Playing the waiting game and watching from the sidelines is never easy for an athlete. That’s what Diksha Dagar has had to do the past few months and the pain she experienced in the lower back melts compared to the angst of watching peers blaze away on the golf course.
On Sunday, Diksha was in front of the TV tracking the fortunes of Atthaya Thitikul on the final day of the Honda LPGA Thailand in Chonburi. “At times, it seems so close, yet so far,” said father Colonel Narinder Dagar. The two girls have played quite a few times on Tour and watching the action on telly is a way of staying connected in these times. The back still not fully healed and the pandemic ruling out access to a golf course, it has been a double whammy.
Attribute it to the wear and tear as a result of non-stop golf for a decade or the eagerness after the breakthrough win on the Ladies European Tour in 2019, Diksha finds herself in a space she had not fathomed. The signs were there since the Jakarta Asian Games but bouts of physiotherapy brought relief. But it wasn’t enough to prevent the pain from travelling from the shoulders to the lower back.
The pain, which forced Diksha to pull out of the Jaipur leg on the Women’s Golf Association of India, has led to bitterness. “The difference between players abroad and here in India is the quality of infrastructure (support) at their disposal,” said Colonel Dagar.
Whether the reservations are in place can be debated, but what can be said with certainty is that the recent events could have been handled differently. Despite the discomfort, Diksha had expressed keenness to tee off at the DLF Golf and Country Club in March, the week before Jaipur. Perhaps, the three weeks of physiotherapy in Pune and the doctor’s advice of “not more than an 8-iron” gave some confidence. The entry was sent, but a day before tee off Diksha wanted to pull out. This was unacceptable to the army man in Dagar Sr. “Once a commitment has been made, it has to be honoured,” were his words then, but now agrees it would have been better to relent.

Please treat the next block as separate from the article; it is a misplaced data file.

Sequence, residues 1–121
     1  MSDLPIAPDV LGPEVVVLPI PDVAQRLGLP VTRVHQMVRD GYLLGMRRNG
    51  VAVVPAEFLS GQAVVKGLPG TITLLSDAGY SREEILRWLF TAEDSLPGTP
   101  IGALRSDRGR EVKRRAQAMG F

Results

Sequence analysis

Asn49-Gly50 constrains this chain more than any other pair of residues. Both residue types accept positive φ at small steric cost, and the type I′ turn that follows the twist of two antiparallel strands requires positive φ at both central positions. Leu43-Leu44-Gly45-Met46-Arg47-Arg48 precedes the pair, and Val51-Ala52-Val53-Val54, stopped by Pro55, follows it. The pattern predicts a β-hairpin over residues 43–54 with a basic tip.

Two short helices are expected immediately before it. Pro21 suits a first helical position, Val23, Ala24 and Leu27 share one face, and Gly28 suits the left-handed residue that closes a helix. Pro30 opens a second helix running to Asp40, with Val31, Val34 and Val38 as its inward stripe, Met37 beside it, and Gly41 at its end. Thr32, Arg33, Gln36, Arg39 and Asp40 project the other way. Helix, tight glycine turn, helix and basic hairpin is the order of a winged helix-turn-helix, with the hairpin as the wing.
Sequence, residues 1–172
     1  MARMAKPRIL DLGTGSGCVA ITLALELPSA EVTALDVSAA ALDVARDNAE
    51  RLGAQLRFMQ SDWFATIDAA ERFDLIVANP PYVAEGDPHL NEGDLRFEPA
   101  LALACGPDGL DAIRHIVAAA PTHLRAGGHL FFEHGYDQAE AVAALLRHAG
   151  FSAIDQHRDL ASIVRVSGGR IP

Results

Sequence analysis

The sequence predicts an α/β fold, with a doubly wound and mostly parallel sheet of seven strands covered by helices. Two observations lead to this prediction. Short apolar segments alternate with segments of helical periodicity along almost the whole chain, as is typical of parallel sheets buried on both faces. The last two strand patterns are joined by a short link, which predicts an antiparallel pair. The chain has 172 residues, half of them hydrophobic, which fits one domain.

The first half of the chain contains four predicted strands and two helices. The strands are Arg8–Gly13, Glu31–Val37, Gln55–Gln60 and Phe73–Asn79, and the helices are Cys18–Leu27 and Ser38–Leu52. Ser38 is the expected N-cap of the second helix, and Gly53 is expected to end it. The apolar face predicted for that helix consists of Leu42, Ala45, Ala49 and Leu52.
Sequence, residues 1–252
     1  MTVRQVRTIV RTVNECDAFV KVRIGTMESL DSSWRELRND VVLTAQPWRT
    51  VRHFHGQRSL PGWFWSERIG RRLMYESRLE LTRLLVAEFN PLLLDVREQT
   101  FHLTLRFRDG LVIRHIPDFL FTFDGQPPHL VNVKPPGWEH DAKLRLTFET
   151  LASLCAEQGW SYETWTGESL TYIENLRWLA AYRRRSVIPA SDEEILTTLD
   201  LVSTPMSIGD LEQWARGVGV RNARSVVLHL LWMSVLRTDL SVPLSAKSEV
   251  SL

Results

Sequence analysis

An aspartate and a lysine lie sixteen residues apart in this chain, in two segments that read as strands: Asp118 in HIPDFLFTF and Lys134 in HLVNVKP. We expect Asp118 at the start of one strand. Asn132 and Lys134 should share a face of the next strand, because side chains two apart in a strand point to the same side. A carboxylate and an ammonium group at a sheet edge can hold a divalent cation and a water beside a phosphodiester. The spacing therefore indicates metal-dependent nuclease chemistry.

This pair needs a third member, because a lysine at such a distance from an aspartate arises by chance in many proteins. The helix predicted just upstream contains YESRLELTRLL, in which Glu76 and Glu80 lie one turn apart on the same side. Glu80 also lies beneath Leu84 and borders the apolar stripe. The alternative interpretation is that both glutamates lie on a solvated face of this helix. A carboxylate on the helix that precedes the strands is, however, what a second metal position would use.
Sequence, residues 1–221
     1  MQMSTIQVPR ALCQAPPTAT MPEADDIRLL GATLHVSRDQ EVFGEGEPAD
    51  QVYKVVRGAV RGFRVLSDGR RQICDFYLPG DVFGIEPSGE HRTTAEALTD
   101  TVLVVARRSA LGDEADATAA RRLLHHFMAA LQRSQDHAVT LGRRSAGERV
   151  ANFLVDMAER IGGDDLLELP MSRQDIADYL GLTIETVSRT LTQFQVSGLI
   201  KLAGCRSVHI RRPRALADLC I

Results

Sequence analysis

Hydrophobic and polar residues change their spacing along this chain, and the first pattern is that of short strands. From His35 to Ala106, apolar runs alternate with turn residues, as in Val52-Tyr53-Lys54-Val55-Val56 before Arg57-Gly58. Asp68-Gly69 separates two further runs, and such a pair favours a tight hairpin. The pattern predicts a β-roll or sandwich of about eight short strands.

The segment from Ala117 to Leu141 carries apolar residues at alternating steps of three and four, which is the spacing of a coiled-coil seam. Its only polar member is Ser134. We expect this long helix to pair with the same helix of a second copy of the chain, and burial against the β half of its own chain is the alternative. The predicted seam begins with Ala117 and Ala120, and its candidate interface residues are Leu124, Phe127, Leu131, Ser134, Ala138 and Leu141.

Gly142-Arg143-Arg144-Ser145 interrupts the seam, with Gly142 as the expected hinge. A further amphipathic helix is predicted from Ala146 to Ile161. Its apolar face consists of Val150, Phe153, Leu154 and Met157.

Needless to say, that week was a fruitless exercise and Diksha may well have aggravated her condition. Since then, it has been about yoga and physiotherapy sessions. There is relief but soft practice at home is no indication of how the body will cope under tournament pressure. To gauge her condition, the father-daughter dup will leave for Italy on May 21 provided they get the necessary clearances in view of the travel restrictions. Even if these come through, the nod from the doctor is paramount given that Diksha is “90% fine”.
Starting with the Ladies Italian Open in May-end, the three-week trip to Europe has been planned keeping the Olympics in mind. Currently, in the reserve list for Tokyo, a strong finish will get Diksha within the cutline, but will the body cope with the rigours of Tour? Diksha is hoping it does, else it will be a four-year wait to fulfill a childhood ambition.